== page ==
What do you do with those rainy Thursday afternoons? When you have so much time, and little duties shackling you. When afternoons seem dull and lacklustre; you feel empty. Void of responsibility and any essence of a schedule flies out the window. It’s surreal to think that all we wish for during tireless, relentless work is being free of it. Yet when we are finally unchained from our desks, our phones, our surging e-mail accounts, our social lives even, the very perfume of being exempt from activity gives us ‘eleutherophobia’ (a fancy term for ‘being afraid of freedom’).
The classic case of having too much of one thing you have nil idea of where to spend it, how to spend it, or what to do with it at all. In fact having something to wake up to in the morning is much taken for granted. A monotonous routine may be hideously exhausting, even boring for some, but it keeps us in check. It keeps us youthful and gives us a temporary purpose if you will. Without it we feel vacant, as though a vacuum has initiated within our minds. We need a humdrum life so we don’t go crazy.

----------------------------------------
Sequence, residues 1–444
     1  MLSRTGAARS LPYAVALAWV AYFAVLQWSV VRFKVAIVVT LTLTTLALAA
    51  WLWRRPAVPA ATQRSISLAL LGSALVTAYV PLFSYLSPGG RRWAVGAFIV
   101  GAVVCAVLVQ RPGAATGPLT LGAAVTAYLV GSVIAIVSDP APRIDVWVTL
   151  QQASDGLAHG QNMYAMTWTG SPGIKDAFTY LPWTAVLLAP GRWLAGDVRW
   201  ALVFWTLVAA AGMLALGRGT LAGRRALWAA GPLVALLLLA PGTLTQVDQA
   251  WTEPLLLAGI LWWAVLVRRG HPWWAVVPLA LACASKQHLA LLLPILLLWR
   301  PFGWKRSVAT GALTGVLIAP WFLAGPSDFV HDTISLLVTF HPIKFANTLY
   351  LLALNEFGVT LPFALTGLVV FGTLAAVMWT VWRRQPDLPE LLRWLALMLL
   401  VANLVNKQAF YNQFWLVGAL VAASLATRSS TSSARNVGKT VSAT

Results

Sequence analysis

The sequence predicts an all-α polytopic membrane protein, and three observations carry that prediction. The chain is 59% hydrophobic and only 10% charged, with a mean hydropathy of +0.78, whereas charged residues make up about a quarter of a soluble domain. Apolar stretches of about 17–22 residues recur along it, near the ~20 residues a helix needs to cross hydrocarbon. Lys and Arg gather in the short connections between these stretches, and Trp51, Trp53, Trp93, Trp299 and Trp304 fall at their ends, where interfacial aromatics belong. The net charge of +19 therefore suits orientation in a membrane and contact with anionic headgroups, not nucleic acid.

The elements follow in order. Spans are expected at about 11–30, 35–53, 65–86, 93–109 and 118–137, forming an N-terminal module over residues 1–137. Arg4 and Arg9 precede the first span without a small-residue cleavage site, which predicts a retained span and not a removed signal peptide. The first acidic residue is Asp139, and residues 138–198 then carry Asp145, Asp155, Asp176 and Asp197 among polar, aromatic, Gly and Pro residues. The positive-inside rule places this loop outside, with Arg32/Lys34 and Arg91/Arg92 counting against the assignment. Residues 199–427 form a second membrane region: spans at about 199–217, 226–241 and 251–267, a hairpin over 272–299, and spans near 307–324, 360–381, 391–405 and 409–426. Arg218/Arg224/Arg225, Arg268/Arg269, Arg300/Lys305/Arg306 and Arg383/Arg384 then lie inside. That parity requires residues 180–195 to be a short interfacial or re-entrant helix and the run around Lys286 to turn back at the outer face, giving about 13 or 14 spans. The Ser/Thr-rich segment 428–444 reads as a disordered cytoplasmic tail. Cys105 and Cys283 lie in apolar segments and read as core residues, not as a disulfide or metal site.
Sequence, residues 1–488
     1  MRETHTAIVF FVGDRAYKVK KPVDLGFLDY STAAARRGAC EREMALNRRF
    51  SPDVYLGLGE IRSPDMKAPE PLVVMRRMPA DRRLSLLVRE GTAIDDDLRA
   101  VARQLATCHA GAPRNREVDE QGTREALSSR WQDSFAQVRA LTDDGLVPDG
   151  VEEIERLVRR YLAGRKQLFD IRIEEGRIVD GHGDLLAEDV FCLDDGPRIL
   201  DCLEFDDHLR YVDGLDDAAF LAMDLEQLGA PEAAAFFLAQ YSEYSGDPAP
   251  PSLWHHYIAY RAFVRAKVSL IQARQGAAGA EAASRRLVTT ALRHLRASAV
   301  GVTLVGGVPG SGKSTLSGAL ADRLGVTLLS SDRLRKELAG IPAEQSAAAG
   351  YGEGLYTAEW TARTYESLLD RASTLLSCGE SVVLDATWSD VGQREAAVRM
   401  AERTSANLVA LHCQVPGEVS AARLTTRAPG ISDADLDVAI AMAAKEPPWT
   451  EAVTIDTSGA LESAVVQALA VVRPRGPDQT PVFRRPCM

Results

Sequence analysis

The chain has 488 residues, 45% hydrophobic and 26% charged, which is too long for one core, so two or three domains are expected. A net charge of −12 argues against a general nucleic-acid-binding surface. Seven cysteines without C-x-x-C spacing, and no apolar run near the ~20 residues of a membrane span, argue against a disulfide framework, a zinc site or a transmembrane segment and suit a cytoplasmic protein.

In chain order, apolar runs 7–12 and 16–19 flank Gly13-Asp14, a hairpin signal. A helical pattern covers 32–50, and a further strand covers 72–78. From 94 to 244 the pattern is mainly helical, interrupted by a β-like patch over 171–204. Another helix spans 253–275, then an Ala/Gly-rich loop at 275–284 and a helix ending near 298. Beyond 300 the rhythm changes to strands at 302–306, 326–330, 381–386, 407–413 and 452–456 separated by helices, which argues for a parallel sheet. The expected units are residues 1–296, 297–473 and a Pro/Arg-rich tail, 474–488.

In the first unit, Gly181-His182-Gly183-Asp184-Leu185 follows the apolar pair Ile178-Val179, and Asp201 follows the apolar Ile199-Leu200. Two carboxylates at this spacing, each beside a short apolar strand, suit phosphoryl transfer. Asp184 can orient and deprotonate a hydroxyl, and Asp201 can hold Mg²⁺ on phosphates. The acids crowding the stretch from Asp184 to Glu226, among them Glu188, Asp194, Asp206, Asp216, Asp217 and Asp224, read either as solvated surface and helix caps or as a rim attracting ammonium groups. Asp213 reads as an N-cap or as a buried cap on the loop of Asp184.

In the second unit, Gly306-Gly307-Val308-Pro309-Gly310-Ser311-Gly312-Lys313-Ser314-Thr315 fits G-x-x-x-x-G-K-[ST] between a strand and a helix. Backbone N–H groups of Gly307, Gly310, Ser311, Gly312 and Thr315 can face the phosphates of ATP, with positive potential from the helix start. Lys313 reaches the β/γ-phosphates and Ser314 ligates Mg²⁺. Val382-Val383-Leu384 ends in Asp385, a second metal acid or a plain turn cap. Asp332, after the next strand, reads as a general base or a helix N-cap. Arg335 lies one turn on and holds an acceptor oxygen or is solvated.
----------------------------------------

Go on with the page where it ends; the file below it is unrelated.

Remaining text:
Yes: a day only becomes what you want it to be. Yes: fear of freedom does depend on the person experiencing it. But people need obligations. Not only to pass time, but to feel resolute. Whole. Complete. Only then can we experience a consummate happiness. In which there is an equilibrium keeping us grounded and allowing us to get through everyday without too much or little freedom. Be it shopping, chores, meeting a friend, or work. These small or big obligations make relaxing so much more enjoyable. After all, ‘me time’ is only rewarding when you don’t do it 24/7.
And of course there’s that wonderful and realistic compromise. Mediating between work and freedom: making what you do everyday an obligation and a pleasure. The best kind of compromise. Doing what you love. Then it will never become another thing on your list to tick off. There’s a quote regarding that somewhere, but I can’t find it right now.
I wasn’t sure where this post was going when I started it. But I think I’ve written enough. I just hope this isn’t too confusing; the transferring of ideas from head to paper usually hits a couple roadblocks. I’ll stop writing now.